An evaluation report issued last week by the Arctic University of Norway in Tromsø proposes to make a number of cuts in study programs, among them a bachelor program in Russian studies.
The report, which is authored by the University leadership itself, argues that cuts are needed in order to “dynamically meet the society’s and the labor market’s needs for relevant labor, and adjust to natural changes of conjuncture.”
A total of 13 study programs are proposed for closure, while another 14 will undergo adjustments, the report reads.
University staff now voices concern. According to Tore Nesset, Professor at the University’s Department of Language and Culture, the closure of the Russian studies could ultimately lead to a loss of valuable competence on neighboring Russia.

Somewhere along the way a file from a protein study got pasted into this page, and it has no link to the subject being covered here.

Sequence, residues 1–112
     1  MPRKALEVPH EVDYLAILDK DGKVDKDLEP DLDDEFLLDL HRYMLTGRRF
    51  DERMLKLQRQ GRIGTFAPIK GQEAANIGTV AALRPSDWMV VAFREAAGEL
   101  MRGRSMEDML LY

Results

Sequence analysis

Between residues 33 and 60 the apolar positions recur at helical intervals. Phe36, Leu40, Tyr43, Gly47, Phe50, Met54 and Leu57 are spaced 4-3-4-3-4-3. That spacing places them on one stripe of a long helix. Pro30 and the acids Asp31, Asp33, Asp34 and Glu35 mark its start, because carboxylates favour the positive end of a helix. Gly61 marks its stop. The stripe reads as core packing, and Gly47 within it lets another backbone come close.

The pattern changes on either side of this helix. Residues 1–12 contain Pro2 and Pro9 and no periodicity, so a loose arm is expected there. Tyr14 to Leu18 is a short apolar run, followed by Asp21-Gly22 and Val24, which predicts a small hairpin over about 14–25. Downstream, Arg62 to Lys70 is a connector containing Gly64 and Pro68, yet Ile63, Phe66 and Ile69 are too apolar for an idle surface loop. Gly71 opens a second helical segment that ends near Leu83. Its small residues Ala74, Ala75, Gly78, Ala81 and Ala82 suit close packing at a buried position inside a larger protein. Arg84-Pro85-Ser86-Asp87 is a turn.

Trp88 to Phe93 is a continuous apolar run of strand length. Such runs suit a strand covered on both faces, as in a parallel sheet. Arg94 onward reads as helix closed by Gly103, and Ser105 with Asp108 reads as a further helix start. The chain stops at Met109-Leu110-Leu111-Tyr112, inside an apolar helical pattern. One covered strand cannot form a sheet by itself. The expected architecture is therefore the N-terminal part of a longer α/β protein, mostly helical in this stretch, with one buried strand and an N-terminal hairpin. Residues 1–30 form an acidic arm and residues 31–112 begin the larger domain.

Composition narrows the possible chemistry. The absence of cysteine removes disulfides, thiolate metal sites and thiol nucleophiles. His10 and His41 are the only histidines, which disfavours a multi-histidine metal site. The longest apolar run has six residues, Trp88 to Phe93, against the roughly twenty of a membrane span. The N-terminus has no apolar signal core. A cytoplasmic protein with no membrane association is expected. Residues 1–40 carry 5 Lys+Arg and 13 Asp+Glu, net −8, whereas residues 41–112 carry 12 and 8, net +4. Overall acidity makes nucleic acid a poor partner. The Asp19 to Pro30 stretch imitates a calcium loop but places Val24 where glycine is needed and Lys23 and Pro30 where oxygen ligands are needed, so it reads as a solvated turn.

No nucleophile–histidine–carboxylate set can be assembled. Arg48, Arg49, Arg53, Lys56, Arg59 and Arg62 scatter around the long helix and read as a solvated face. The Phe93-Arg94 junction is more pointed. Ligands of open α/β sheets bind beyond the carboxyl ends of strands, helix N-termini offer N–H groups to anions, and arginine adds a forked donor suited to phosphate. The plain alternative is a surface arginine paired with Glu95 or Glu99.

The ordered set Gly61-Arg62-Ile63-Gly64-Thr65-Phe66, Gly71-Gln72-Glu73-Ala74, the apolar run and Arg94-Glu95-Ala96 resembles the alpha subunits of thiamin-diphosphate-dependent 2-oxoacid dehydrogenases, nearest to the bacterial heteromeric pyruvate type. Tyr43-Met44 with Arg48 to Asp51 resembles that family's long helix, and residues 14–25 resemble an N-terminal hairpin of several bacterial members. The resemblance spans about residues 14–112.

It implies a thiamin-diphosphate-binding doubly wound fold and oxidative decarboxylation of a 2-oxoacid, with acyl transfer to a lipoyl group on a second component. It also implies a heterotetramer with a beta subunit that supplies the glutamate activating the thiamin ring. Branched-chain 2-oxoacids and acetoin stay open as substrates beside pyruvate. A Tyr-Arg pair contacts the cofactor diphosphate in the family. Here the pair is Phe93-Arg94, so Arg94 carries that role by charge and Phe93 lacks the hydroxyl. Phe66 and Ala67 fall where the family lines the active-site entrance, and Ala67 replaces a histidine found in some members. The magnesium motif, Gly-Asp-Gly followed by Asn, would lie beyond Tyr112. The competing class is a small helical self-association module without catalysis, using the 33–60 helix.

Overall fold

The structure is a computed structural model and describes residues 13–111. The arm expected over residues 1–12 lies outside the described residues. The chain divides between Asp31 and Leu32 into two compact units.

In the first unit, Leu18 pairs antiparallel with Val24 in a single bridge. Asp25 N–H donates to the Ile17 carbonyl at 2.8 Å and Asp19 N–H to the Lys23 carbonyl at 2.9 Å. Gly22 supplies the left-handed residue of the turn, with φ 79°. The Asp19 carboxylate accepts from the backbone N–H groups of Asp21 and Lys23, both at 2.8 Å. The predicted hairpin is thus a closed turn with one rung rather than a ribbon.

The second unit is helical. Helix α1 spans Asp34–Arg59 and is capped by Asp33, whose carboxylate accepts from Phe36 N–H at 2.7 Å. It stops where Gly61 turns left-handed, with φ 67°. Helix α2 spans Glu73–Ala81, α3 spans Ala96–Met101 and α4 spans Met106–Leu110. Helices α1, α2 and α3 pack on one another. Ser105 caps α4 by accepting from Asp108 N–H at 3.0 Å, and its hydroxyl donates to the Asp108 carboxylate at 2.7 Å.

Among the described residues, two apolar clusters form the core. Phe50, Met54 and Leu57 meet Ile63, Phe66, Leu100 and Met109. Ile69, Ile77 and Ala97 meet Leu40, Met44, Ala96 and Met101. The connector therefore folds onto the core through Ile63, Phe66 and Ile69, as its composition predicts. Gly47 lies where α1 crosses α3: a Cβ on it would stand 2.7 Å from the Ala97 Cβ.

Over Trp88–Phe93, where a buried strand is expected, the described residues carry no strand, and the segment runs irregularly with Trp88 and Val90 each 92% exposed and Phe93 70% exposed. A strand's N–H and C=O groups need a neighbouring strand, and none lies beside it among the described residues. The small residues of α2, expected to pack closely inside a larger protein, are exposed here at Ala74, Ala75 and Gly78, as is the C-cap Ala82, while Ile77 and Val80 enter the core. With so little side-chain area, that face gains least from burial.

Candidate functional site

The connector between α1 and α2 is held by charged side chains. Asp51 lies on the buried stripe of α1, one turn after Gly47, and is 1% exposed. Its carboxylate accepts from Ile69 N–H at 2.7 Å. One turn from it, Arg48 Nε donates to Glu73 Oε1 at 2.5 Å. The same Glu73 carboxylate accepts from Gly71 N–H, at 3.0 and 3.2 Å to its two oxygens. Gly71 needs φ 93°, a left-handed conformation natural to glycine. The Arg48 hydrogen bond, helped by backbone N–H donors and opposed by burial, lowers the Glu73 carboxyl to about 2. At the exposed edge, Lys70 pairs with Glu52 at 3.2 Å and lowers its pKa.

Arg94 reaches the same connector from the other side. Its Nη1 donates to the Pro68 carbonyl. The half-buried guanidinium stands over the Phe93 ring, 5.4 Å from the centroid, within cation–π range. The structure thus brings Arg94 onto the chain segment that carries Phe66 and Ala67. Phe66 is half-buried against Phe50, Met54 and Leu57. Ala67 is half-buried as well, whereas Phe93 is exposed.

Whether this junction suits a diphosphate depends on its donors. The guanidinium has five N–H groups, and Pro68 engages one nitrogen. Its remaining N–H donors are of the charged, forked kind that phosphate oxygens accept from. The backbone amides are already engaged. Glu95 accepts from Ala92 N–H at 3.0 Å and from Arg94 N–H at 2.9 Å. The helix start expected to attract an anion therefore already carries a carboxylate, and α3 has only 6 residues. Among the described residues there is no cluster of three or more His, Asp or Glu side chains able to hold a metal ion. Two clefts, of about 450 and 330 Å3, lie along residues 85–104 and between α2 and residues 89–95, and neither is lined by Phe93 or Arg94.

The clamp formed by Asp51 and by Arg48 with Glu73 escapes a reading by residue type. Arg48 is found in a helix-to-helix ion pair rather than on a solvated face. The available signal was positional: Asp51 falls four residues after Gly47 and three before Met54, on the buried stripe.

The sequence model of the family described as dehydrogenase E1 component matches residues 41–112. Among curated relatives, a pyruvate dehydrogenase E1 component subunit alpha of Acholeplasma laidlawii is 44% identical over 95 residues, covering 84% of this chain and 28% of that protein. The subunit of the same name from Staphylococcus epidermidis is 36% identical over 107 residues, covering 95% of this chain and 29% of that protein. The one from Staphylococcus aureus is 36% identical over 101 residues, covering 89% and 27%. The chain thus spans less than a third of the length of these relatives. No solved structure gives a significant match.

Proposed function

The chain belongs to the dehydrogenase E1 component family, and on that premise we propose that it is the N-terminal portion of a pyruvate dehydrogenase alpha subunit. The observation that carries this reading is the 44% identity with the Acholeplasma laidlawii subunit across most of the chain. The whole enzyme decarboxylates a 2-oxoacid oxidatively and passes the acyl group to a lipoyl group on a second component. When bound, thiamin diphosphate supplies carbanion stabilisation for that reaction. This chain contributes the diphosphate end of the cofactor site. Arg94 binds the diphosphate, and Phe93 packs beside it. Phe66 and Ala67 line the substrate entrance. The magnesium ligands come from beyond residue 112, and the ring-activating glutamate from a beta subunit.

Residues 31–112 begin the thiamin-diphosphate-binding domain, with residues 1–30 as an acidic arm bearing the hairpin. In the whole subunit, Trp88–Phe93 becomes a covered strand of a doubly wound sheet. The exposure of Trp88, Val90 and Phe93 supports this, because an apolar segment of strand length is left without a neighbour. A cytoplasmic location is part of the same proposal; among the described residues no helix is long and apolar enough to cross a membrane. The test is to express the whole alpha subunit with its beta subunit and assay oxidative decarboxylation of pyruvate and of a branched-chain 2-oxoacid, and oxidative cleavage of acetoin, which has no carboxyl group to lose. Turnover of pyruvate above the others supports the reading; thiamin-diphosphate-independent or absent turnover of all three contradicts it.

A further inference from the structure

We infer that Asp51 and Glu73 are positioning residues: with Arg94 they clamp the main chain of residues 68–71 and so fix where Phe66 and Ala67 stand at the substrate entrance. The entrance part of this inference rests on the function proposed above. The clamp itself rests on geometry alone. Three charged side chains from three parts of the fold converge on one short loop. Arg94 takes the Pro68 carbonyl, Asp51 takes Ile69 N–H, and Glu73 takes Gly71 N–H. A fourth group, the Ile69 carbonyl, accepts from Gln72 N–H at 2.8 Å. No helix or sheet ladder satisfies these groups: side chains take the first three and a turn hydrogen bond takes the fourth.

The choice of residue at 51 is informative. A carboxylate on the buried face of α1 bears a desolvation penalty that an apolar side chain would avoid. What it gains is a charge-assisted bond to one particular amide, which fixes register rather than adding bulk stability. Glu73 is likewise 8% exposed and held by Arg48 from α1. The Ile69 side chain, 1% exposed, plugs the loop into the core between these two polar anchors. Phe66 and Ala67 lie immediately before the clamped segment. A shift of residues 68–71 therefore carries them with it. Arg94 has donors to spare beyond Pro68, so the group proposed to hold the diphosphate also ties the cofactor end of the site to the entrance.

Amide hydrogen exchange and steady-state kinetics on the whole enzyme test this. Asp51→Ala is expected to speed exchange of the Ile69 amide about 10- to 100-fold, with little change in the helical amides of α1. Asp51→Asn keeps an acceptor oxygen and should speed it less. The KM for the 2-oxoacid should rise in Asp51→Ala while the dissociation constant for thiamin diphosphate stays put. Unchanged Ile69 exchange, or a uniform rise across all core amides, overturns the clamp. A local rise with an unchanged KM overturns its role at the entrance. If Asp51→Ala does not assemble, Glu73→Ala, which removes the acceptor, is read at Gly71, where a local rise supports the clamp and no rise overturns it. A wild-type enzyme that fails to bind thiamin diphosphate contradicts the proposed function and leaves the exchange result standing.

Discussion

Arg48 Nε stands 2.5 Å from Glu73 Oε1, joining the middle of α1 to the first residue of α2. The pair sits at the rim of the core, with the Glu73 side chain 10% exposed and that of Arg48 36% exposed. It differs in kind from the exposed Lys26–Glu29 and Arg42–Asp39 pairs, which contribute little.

“Norway needs these people, and especially northern Norway,” he says to the Barents Observer. “Their competence is very relevant for the region,” he underlines.
According to the professor, the university’s Russian studies are unique because of their combination of language and history, cultural studies, economy and political science.
“A comprehensive understanding of Russia is of key importance for the understanding of developments in the High North,” he argues.
Northern Norway has a long history of relations with neighboring regions in Northwest Russia and the University of Tromsø is engaged in a wide range of cooperative efforts in the area.
Despite the close relationship with Russian partners and the relevance of Russia in the North, the number of Norwegian students in the University’s Russian programs have been in decline over several years.
In the fall of 2015, there were only 14 registered students in the program for Russian studies.
That is too little, the university leadership says.
According to university report, the program is “not sustainable.”
At the same time, the university acknowledges the importance of Russia in further university developments. “Knowledge about Russia remains strategically important for the university and is in many ways a part of our profile as the Arctic University of Norway,” the report states.